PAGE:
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Preview: Comments for Marquette University Law School Faculty Blog

Comments for Marquette University Law School Faculty Blog





Last Build Date: Fri, 16 Feb 2018 15:36:40 +0000

 



Comment on On the Issues: WEDC Chief Praises Foxconn Plan as “Transformational” by Larraine McNamara-McGraw

Fri, 16 Feb 2018 15:36:40 +0000

I was unable to make it, but it's just as well. Mark Hogan is utterly delusional. He's in a bubble of his and other kleptocrats' making. The Fox Con is exactly what the kanji show: the fox guarding the hen house. I hope my alma mater will offer a program that tells the truth about this horrific rip off. Here's another idea: You know that big Amazon box that puts so many human robots to work down in Kenosha? Drive in there (you have to tell the guard you are there for an interview) and check out the workers' cars. How many from WI? How many from IL? Not very inspiring. This phony deal may actually bankrupt the state. It is not that we are too stupid not to get it. It is that power brokers like Foxiness and yes, my dear Alma Mater, put the phony side out there because you have lucre to gain in lying about it. C'mon, MULS - have a discussion about the truth of this con job. Shame on you if you do not.



Comment on Congratulations Jessup Moot Court Team by Deborah Darin

Wed, 14 Feb 2018 02:03:30 +0000

Congratulations to you and your coaches!



Comment on Congratulations Jessup Moot Court Team by Melissa Love Koenig

Tue, 13 Feb 2018 22:40:43 +0000

Congratulations, Team!!



Comment on Jacob Haller Named Public Interest Student of the Year by Melissa Love Koenig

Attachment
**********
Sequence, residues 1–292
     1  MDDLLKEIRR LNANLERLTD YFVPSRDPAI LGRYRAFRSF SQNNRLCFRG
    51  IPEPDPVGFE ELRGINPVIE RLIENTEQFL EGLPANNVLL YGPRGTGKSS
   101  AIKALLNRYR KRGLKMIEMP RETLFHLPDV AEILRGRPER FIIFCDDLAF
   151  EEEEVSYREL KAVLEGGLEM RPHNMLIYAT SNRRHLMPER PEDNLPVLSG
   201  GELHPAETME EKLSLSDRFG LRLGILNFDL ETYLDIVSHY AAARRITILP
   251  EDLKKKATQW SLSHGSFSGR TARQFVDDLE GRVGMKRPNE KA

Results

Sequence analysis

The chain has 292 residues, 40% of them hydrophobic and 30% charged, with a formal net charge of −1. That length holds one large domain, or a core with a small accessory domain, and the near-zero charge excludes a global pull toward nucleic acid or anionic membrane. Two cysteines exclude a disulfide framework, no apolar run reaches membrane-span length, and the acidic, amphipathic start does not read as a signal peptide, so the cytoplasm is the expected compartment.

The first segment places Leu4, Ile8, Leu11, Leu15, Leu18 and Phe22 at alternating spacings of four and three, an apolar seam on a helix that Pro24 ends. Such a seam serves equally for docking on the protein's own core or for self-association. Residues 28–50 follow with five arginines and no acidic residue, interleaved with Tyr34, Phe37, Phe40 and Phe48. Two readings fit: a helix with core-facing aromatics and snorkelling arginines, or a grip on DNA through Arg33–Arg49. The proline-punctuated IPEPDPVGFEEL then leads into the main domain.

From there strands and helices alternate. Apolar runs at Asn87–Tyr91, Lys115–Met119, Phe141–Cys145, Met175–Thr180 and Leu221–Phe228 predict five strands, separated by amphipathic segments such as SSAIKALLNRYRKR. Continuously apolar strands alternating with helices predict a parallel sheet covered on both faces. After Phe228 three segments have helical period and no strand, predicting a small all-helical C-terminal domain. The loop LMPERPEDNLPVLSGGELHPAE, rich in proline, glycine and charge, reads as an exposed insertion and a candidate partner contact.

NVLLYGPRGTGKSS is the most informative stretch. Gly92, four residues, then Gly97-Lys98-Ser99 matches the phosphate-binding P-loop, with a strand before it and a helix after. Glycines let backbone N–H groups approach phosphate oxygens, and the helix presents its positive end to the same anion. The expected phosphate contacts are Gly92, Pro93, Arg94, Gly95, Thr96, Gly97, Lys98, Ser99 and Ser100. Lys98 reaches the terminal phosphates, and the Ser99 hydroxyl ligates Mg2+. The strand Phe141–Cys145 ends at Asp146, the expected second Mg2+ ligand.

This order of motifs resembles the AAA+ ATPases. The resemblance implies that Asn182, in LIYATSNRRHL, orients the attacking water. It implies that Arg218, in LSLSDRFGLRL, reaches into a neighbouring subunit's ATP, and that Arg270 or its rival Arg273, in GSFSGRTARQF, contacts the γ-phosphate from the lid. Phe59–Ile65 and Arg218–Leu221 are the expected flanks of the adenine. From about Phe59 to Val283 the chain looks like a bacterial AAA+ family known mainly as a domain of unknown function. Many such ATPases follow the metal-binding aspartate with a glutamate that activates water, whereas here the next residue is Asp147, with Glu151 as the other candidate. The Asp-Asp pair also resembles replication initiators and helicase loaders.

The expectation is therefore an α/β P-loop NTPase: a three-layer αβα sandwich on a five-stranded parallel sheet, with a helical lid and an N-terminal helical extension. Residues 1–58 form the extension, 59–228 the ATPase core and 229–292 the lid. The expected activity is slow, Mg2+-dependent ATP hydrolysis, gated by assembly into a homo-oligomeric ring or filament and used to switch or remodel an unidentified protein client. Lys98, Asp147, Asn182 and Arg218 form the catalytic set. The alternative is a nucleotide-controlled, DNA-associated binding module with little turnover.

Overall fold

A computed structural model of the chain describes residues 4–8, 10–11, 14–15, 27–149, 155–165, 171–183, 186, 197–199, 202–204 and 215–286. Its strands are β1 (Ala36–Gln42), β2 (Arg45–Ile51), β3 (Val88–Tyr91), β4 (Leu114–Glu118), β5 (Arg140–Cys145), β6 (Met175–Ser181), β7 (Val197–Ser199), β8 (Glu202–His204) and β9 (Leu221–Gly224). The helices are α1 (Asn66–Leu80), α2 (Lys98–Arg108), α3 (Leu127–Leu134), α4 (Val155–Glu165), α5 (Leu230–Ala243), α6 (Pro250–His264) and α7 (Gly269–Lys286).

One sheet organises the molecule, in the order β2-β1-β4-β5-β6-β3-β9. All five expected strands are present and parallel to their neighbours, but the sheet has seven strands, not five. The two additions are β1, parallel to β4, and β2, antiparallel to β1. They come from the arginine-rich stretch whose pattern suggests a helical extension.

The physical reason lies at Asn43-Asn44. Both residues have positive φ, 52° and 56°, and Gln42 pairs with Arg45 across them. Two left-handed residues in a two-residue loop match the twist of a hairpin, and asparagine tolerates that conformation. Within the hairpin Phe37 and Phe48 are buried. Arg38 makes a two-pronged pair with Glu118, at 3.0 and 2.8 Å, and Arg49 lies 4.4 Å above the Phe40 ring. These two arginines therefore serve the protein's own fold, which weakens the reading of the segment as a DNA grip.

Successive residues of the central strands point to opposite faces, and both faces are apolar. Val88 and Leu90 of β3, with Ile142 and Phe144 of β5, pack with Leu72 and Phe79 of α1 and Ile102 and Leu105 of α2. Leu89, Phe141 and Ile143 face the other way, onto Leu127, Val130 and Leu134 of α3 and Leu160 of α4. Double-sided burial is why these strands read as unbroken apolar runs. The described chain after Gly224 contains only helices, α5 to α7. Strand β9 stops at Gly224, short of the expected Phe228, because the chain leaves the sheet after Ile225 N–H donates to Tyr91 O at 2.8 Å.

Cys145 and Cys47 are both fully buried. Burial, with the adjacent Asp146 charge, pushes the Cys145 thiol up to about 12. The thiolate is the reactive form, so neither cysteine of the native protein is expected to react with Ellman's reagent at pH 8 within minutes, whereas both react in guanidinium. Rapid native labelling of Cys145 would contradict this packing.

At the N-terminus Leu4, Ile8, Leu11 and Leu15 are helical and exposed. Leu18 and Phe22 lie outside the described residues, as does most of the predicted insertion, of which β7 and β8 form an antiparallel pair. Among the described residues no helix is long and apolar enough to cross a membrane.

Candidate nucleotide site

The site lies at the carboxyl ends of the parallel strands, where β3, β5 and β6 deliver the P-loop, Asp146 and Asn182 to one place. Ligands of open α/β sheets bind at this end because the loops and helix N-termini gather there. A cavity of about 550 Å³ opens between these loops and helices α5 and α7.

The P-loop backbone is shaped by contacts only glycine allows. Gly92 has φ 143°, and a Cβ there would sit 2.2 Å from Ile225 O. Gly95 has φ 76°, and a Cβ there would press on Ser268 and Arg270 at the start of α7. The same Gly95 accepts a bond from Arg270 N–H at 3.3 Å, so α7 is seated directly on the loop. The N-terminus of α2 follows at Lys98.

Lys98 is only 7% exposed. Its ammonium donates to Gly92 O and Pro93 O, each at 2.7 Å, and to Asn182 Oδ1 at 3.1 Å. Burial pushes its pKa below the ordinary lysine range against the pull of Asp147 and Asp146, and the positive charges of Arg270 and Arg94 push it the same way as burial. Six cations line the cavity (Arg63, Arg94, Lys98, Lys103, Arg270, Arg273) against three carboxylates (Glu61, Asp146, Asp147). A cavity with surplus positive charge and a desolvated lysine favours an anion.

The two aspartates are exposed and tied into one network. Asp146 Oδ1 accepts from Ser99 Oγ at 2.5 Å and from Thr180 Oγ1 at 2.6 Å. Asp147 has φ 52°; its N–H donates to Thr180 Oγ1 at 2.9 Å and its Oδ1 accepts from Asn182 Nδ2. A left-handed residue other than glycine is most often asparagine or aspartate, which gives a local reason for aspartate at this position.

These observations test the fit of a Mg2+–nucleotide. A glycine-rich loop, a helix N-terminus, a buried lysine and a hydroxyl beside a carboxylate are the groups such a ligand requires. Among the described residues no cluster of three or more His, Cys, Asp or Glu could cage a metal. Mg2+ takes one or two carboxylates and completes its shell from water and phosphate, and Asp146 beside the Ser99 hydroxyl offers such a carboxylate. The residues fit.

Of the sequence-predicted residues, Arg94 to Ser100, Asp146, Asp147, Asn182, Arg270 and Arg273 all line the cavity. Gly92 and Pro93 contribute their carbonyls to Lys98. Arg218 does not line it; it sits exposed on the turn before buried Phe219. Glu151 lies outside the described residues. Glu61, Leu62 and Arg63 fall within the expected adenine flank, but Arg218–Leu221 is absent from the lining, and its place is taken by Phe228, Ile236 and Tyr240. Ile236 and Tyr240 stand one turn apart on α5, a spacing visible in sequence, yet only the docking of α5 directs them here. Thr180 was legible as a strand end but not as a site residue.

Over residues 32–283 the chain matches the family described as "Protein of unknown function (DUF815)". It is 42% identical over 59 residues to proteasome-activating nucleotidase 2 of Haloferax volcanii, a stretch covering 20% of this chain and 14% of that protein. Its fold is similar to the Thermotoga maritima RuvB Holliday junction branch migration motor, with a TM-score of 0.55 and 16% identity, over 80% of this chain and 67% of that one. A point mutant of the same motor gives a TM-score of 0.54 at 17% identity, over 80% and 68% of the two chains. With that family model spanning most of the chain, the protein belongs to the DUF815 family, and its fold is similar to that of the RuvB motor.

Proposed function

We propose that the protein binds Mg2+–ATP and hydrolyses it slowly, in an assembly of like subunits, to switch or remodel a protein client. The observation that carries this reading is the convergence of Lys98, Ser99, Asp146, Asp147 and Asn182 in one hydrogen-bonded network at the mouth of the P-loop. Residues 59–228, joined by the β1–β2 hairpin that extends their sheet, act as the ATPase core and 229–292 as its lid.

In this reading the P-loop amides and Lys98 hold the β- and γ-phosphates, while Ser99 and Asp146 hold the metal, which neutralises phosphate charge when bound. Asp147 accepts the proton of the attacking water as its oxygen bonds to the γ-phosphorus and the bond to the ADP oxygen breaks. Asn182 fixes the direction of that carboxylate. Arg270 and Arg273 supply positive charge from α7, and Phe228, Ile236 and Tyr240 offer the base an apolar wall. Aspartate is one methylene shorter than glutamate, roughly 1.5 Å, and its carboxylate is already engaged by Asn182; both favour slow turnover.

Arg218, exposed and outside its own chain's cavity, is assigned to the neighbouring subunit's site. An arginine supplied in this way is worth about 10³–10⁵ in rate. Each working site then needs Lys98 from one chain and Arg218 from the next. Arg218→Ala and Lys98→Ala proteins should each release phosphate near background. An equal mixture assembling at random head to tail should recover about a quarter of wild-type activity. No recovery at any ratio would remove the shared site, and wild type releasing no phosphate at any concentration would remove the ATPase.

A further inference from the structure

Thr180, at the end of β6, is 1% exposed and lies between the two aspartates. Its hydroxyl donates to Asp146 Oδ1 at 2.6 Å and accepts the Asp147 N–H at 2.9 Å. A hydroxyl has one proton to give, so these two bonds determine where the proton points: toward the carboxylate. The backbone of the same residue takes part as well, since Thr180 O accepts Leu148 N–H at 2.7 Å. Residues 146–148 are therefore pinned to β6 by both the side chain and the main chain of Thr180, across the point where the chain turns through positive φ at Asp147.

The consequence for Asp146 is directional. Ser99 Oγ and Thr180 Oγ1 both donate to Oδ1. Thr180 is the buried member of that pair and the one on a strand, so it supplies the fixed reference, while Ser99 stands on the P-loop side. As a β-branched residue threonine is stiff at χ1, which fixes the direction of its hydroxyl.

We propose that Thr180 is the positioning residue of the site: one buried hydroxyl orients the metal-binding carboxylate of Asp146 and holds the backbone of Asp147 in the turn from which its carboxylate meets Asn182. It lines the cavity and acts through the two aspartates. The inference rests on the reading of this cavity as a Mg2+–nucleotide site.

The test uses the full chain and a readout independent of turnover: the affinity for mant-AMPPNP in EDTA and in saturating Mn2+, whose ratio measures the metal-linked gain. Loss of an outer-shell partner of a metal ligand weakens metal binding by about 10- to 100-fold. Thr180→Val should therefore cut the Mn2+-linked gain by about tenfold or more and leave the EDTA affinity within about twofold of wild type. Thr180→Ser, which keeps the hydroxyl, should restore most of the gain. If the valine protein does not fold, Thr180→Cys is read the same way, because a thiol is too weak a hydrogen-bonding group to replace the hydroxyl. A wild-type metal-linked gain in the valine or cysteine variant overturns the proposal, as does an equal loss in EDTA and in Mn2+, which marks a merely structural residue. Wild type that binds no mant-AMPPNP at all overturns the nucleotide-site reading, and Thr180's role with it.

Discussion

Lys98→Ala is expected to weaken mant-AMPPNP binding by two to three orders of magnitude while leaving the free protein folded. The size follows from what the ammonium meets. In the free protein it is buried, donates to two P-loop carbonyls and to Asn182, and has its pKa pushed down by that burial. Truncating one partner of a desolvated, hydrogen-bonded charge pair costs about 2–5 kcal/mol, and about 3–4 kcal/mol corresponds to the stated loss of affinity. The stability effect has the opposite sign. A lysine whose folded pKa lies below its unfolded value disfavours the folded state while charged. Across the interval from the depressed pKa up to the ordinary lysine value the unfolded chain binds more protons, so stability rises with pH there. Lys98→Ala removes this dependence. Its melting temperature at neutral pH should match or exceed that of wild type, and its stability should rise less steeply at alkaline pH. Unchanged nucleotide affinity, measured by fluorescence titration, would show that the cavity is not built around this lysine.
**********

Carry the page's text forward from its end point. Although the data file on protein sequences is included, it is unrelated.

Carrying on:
Mon, 12 Feb 2018 19:06:26 +0000

Congratulations, Jacob! Well deserved.






Comment on Child Support, Contempt of Court, and (Maybe) Lawyers by Amanda G.

Mon, 29 Jan 2018 20:43:48 +0000

My situation is painfully similar.



Comment on The Challenges of Being a Bad Lawyer by Jeff Myer

Mon, 29 Jan 2018 15:10:06 +0000

I will take the click bait and dissent. “Bad” lawyers who see their responsibility as “ripping the other guy’s face off on behalf of a client” disserve and demean the profession. That it pays well does not justify it. That some clients expect it does not excuse it. The Rules of Professional Conduct do not require a lawyer to engage in such tactics or endorse the attitude of that “bad” lawyer. The Rules do not require any lawyer to engage in any behavior inconsistent with the lawyer’s moral compass. “Bad” lawyers are bad lawyers (no quotation marks, air or actual) with a badly magnetized moral compass. We can zealously advocate without engaging in such attitude and tactics. We need not acquiesce in their continuance.



Comment on My Official Super Bowl Television Post by Bruce E. Boyden

Thu, 25 Jan 2018 19:16:37 +0000

Timothy, I can't give you legal advice, so I'm going to refrain from opining as to whether you are in the clear or not. But I will say that it seems unlikely to me that planetarium equipment is a "receiving apparatus of a kind commonly used in private homes" that would qualify for the Section 110(5)(A) exemption.



Comment on My Official Super Bowl Television Post by Timothy Girdwood

Thu, 25 Jan 2018 01:41:26 +0000

So, at a private university I am an officer of a veterans-only organization and the university recently opened a planetarium. We wanted to show the Super Bowl for free exclusively to our members. At first we were given the green light as long as it wasn’t public, then we were told no because the screen is bigger than 55”. Here you debunk the 55” screen-size rumor. However, as a nonprofit private organization, are we allowed to use the planetariums equipment to show the Super Bowl?



Comment on A Heartbreaker Named Detroit by Rolando Mintos

Wed, 24 Jan 2018 23:07:16 +0000

Very powerful content.



Comment on Capitalization in Briefs to a Trial Court by Mark A. Nelson

Thu, 11 Jan 2018 20:21:38 +0000

Do you write Cross-complainant, or Cross-Complainant? Cross-defendant or Cross-Defendant?



Comment on A Reflection upon My Tenth Anniversary of Being a Lawyer by Liz

Wed, 10 Jan 2018 15:42:41 +0000

Wow, ten years! I'm so proud of you, mom. I was certainly impressed back then, but growing up (a bit, anyway) and working full-time has deepened my understanding of the work you did for yourself and our family -- I'm in awe of you!



Comment on Ponderings of a Law Professor: Where Are Women’s Voices? by Sushma grande

Mon, 08 Jan 2018 23:49:14 +0000